Sunday, February 22, 2009

Ian McEwan and the Intentional Fallacy

A passage from Daniel Zalewski's profile (registration required) of Ian McEwan in the current New Yorker reminds me of our earlier discussion of the intentional fallacy. 

McEwan tells Zalewski a story about his son Greg:

Poor Greg had to study
Enduring Love in school. He had a female teacher. And he had to write an essay: Who was the moral center of the book? And I said to Greg, "Well, I think Clarissa's got everything wrong." He got a D. The teacher didn't care what I thought. She thought that Joe was too 'male' in his thinking. Well. I mean, I only wrote the damn thing.

If McEwan's point is that, because he wrote the book, he has a better command of its details than his son's teacher, that's fine. But if he's saying that his interpretation is worth more than the teacher's simply because he's the author, then I think that's suspect.

Great works of literature, it seems to me, take on the richness and complexity of life itself. And, like life itself, they are open to multiple perspectives. If the author has the "answers" to the work, then that work is in some sense lacking multidimensionality: it's simply a vehicle for the author's ideas or "point." 

I think it's interesting that McEwan pointedly notes that Greg's teacher was a woman—and that he frames the divergence of interpretation in terms of gender. Different readers bring different perspectives to a work, and will hence make different meanings out of their encounters with them—meanings that are no less grounded in the details of the work. A great example of this is Judith Fetterley's essay on A Farewell to Arms, in her book The Resisting Reader. One of my colleagues has talked about how this essay completely changed the way he saw Hemingway's novel, even though he'd been teaching it for years.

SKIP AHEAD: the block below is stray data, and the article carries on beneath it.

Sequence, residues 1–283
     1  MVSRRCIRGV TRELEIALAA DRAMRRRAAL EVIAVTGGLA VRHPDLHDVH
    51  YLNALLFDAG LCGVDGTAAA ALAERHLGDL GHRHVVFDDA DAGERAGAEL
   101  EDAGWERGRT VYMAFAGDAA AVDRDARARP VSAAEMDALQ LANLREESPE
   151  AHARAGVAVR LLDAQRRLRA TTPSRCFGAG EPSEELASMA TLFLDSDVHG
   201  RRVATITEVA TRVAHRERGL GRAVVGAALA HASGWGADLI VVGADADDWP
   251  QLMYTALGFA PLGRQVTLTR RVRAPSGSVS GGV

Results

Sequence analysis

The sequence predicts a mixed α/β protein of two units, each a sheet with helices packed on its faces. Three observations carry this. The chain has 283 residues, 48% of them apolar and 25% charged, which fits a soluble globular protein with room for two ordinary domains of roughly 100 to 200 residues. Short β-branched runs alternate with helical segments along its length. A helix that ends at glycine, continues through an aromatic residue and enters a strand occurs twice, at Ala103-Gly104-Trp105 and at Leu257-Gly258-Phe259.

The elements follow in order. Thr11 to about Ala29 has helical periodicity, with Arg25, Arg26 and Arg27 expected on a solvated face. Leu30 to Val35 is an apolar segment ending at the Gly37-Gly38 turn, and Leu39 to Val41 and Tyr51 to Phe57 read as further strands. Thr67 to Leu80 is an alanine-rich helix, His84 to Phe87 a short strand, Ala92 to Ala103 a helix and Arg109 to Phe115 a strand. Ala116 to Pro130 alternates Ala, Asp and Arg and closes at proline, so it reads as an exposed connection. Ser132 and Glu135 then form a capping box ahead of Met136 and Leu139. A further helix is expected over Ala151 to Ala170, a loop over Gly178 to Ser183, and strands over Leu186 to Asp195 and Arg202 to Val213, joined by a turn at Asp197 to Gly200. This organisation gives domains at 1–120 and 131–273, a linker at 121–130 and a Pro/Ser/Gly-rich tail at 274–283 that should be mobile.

Greg's teacher might be completely off-base (though in my experience high school English teachers often know the details of books better than just about anyone). But it could also be that McEwan is bristling because someone has seen something in his novel other than what he intended. McEwan may be refusing to accept that, once you put a work of art out into the world, "what was yours is everyone's from now on," as Wilco puts it.

And does it seem a little janky that Greg basically had his dad write the essay for him? Of course the teacher didn't care what Ian thought. She wanted Greg to think for himself.

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